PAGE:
To evaluate the primary outcome, we performed a survival analysis. Additionally, we performed an intention to treat (ITT) analysis, considering the success and failures at 24 months of follow-up.

To evaluate the association between restoration survival and independent variables such as surface (occlusal or occlusoproximal), caries experience (dmfs ≤ 3 or > 3), type of molar (first or second molar), sex (male or female), age and arch (upper or lower), Cox Regression with shared frailty was used. Initially, the analysis was performed in a univariate model. Independent variables reaching a p-value < 0.20 (cavities and tooth type) fitted in the adjusted model. The final model only included variables showing p ≤ 0.05. As only the independent variable surface reached this p-value, we have conducted a subgroup analysis, considering the survival of occlusal and occlusoproximal restorations. Hazard ratios (HR) and relative risk (RR) were calculated with 95% confidence interval (CI). The significance level was set at 5%.


From 470 teeth in 147 children eligible to participate in the study, 305 were included. The reasons for exclusion of 165 teeth are described in Fig. 1. There was no case of pulp exposure during caries removal.

Fig. 1
figure 1

CONSORT flowchart of the participants’ progress through the trial phases

From 305 (323 cavities) teeth of 145 children included, 161 cavities were randomized for hand-mixed group and 162 cavities were allocated to the encapsulated group (Fig. 1). Considering all children, 67 (46.2%) were girls and 78 were (53.8%) boys. Moreover, 58 children (40.0%) were 3 to 4 years old and 87 (60.0%) were 5 to 10 years old, and 40 (27.6%) presented dmfs values from 0 to 3, and 105 (72.4%) presented dmfs of 4 or higher. The baseline characteristics are described in Table 1.

Table 1 Baseline characteristics of the participants, distribution according to the groups, and chi-square test results

Moreover, 258 included teeth (positive follow-up rate of 79.9%) were followed-up up to 24 months, in 113 children (77.9%). The interexaminer Kappa value was 0.99. The drop-out for the hand-mixed group was 29 teeth (18.0%) and for the encapsulated group was 36 (22.2%), with a p value of 0.457 (by chi-square test adjusted by the cluster). Considering the 323 restorations included, only 7 (2.2%) samples were not assessed in any follow-up period.

The Kaplan Meier curves show the estimated survival for the restorations according to restored surface after 24 months of follow-up (Fig. 2). Table 2 shows the most prevalent reasons of failure over the 24 months, according to Frencken and Holmgren (1999) [22] and Roeleveld et al. (2006) [23] criteria.

Fig. 2
figure 2

Kaplan–Meier survival estimates after 24 months follow-up

Table 2 Overall scores of restorations' success and failure

Tables 3, 4 and 5 shows the ITT results, Cox Regression with shared fragility and subgroup analysis, respectively, and no statistically significant differences were found. Table 6 shows the values of Annual Failure Rate, calculated according to the intention-to-treat analysis (ITT).

Table 3 Survival analysis considering the primary outcome and ITT analysis for 24 months of follow-up
Table 4 Cox Regression with shared frailty in univariate and adjusted models -analysis between failures in restorations and associated factors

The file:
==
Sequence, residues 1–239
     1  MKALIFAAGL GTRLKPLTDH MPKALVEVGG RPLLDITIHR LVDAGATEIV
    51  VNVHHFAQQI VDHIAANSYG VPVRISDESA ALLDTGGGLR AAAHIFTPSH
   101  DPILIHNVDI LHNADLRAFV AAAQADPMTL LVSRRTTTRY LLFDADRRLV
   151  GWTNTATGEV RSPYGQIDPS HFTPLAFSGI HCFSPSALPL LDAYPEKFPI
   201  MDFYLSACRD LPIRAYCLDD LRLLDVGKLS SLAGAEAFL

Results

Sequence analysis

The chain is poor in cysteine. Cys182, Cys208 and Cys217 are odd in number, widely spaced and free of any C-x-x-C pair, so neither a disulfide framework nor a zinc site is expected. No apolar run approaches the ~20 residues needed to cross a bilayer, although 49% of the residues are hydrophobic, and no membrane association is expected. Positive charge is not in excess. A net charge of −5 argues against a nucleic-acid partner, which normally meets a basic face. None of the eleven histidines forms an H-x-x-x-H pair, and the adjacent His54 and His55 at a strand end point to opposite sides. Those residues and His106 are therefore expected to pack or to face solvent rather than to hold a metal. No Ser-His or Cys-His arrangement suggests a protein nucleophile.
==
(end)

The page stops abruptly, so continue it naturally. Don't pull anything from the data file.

Table 5 Subgroup analysis considering occlusal and occlusoproximal restorations considering the survival of restorations performed with hand-mixed or encapsulated glass ionomer cement
Table 6 Annual Failure Rate (AFR) according to intention-to-treat analysis


No damage or harms has been found in our trial. No pulp exposure occurred during treatments.


This RCT was performed in a controlled clinical environment (dental office setting) and demonstrated that both hand-mixed and encapsulated versions did not influence the restorations' survival. It is possible to observe a trend to better results for encapsulated material, especially for occlusal surfaces.

The GICs showed an excellent survival rate for occlusal cavities, corroborating with previous studies [19, 24]. This result was predictable because occlusal cavities usually present a more robust dental structure to support the restorative materials [25], favoring their longevity. For this reason, the occlusal cavities were considered in this study so that we could observe if there would be any difference in the clinical results obtained for the encapsulated material.

Table 1 shows an imbalance between the cavity type in the two groups, with more occlusal cavities in both groups. This fact led us to perform other analyses, which were not foreseen in the study design and registry, such as intention to treat (ITT) and subgroup analysis. These analyses, to our knowledge, make the results clearer, showing that despite the imbalance found in the baseline, there was no statistically significant difference in either group.

We have chosen to use petroleum jelly as a surface protector in this trial to balance both groups, excluding any confounding factor related to this topic, for example, using resin-based surface protection only for the Equia Fil® group. To our knowledge, there is only one RCT that compared GIC Hand-Mixed and Encapsulated, and the authors classified the used GIC as “medium viscosity” in permanent molar occlusal cavities, with results of one-year follow-up [16]. This study shows a higher success rate of encapsulated GIC, different from our findings. Some factors may have influenced the results such as the restorations performed on permanent molars, whose masticatory force is more potent than that applied to primary teeth, or factors such as type of tooth and location, operator, secondary lesions, individual risk of caries and bruxism which may have exacerbated the difference between the materials [26, 27]. Another relevant point may be related to manipulating the material, mainly for the hand mixed. In the present study, handling was performed by two operators with significant experience in teaching and handling these materials, which may explain the lack of difference between groups. We also hypothesize that as the RCT used medium-viscosity GIC, the material could be more sensitive to changes in dosage and handling.